Last year, Shaun Michael Johnson put himself on the map as a master storyteller, whose protean moves captivated audiences at the Capital Fringe Festival with Sobriety of Fear, a compelling story about domestic violence that saw him portray three generations of a tragically marked household.
This year Johnson has expanded his scope, and invited local actors to step in and help him stage the second part of his projected trilogy. Set some 15 years later, Veneer of Beauty follows the story of Leroy (the abusive father), Asha (his long-suffering wife) and Rudy, who appeared last year as a terrified 4-year-old witness to his father’s cruelty. There are plot twists, there is tenderness, but also a monumental challenge: is it possible to forget this family’s violent past? How can children from an abusive household grow up to avoid repeating the same mistakes?
The show begins in a vinyl shop in the Spring of 1992, immediately after the verdict in the Rodney King trial that set off riots in Los Angeles. Danny (the charismatic, winning Bryan D. Aster), runs the shop in the owner’s absence, and he tries to keep track of stock, watching for potential shoplifters. But he also has to deal with his disappointed mother, Hildegard (MC Harford, every inch the meddling mom), who is desperate for him to go to a ‘good school’—a nod to Georgetown in this case.
Danny’s lover enters—and it is Rudy (the stoical Edgar Ferrufino), who was the once-terrified boy of last year’s episode. Now a young adult, he is also Danny’s co-worker. Because of the recent verdict, racism is the topic of the day, and Rudy—a young man of color—is blunt in his negative assessment of white people, his lover notwithstanding.
In a related plot thread, Rudy’s mother, Asha (the passionate Patricia Beaubrun-Reese), invites Rudy and Danny to dinner with Rudy’s formerly-abusive father. The tensions of visiting your lover’s family home are high in any relationship, but especially so here; both Danny and Rudy have issues with their respective fathers, and in a bathtub chat (audience alert – there is some nudity, and light canoodling) they compare notes on issues past and present.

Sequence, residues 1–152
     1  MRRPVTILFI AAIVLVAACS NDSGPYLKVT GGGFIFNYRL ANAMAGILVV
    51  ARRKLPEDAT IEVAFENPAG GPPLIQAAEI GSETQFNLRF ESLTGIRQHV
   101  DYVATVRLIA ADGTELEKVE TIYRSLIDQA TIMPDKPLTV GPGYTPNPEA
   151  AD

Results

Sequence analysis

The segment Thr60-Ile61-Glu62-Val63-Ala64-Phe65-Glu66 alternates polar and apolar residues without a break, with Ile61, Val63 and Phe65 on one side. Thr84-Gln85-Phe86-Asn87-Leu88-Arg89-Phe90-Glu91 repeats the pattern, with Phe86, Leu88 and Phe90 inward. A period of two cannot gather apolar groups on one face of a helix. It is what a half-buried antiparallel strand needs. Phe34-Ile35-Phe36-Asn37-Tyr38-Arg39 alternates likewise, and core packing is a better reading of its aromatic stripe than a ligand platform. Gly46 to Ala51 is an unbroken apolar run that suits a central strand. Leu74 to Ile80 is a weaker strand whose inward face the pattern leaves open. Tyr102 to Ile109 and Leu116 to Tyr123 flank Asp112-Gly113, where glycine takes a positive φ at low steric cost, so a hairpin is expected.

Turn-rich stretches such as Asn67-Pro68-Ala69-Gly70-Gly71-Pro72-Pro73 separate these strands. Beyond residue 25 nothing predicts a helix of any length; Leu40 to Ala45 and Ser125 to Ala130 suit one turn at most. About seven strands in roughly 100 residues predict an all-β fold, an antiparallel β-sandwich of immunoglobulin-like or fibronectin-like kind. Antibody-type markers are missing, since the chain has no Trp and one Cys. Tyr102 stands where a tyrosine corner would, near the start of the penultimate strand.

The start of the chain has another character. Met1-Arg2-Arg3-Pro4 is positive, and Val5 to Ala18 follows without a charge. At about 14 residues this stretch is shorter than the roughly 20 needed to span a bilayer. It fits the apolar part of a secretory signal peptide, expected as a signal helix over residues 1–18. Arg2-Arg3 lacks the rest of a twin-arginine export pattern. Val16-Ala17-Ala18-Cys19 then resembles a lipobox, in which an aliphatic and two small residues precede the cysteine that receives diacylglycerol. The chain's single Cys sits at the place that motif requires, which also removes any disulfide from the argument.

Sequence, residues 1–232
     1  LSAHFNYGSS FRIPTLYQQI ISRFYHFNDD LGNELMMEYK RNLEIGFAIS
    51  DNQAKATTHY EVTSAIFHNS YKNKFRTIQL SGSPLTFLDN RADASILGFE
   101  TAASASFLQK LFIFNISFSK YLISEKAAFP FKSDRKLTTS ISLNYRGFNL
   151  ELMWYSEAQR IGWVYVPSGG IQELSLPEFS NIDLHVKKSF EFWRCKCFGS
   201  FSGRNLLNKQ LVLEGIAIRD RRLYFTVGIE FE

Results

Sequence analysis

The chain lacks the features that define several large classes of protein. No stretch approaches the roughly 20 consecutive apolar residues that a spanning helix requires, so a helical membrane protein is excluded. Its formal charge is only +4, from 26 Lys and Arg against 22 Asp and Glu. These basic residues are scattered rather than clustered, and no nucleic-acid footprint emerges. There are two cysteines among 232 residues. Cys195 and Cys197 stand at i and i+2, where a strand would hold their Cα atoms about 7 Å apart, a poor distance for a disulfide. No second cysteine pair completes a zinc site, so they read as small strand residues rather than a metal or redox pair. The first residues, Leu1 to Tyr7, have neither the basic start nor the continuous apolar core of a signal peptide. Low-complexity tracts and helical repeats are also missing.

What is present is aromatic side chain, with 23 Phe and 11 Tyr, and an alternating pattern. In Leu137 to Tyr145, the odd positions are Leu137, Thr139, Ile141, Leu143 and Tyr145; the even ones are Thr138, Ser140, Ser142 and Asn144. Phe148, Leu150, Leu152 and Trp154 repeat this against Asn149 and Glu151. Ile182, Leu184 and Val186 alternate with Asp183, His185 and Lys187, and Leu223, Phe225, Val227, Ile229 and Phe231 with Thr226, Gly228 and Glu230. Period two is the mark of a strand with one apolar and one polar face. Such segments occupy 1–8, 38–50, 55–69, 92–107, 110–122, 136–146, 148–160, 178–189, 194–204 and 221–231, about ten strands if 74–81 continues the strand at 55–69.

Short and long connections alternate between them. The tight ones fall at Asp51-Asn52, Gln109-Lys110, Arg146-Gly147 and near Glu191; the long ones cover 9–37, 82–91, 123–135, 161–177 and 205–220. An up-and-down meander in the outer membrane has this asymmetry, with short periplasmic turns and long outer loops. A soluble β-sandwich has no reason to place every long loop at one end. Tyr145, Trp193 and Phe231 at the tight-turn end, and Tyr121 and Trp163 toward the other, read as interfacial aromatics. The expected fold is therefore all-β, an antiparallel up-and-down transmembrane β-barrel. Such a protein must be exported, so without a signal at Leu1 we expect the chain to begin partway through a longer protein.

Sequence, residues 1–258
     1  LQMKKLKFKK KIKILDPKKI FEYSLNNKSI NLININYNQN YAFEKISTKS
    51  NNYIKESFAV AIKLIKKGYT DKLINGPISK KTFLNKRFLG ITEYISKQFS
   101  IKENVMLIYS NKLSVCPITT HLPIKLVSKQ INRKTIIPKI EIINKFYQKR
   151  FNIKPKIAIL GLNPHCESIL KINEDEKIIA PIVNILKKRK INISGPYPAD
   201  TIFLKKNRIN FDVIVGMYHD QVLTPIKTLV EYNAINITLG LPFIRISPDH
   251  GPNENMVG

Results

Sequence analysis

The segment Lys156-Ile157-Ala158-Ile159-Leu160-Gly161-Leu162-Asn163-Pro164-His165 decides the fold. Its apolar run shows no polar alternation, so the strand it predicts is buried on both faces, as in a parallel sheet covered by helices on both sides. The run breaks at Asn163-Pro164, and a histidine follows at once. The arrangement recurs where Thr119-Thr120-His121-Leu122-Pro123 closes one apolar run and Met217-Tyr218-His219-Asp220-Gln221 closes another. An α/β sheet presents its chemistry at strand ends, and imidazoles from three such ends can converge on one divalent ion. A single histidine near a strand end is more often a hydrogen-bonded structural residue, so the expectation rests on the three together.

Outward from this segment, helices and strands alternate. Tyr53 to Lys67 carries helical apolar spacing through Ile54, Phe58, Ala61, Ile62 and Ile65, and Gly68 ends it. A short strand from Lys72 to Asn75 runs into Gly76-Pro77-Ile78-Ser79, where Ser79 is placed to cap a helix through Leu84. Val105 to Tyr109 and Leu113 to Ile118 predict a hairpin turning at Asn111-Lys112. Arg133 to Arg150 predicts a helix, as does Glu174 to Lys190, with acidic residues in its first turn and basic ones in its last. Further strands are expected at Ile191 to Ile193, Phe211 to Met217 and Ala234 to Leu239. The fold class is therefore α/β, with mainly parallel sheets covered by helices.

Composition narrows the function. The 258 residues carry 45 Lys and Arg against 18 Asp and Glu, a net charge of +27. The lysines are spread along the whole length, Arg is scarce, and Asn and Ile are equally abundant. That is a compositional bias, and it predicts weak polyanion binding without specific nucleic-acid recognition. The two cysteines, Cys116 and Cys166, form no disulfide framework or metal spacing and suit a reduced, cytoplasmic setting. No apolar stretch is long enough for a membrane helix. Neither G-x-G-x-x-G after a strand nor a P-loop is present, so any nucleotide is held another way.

As the father figure Leroy, Johnson is riveting—an abuser who now, 14 years sober and after a horrible accident, is confined to a wheelchair. As much as he wishes to make it go away, his violent past is ever present, and Asha makes no effort to hold back the bitterness.
This second installment of Johnson’s trilogy ends abruptly—and deliberately so. The tensions and resentments of the past hover in the air, unresolved and perhaps unresolvable. We will have to wait for that third installment (next year’s Fringe, perhaps?) to see how Johnson chooses to continue this journey. Director Mediombo Singo Fofana does a creditable job with the ensemble, although at times the set seems a bit unwieldy. There is also some unevenness, due to differences in acting style and experience here – a consequence of this being Fringe season? But Johnson’s project began quite promisingly, and it would be best to keep track of his work, and see what’s next too.
Running Time: 55 minutes (although information on the website lists 80), with no intermission.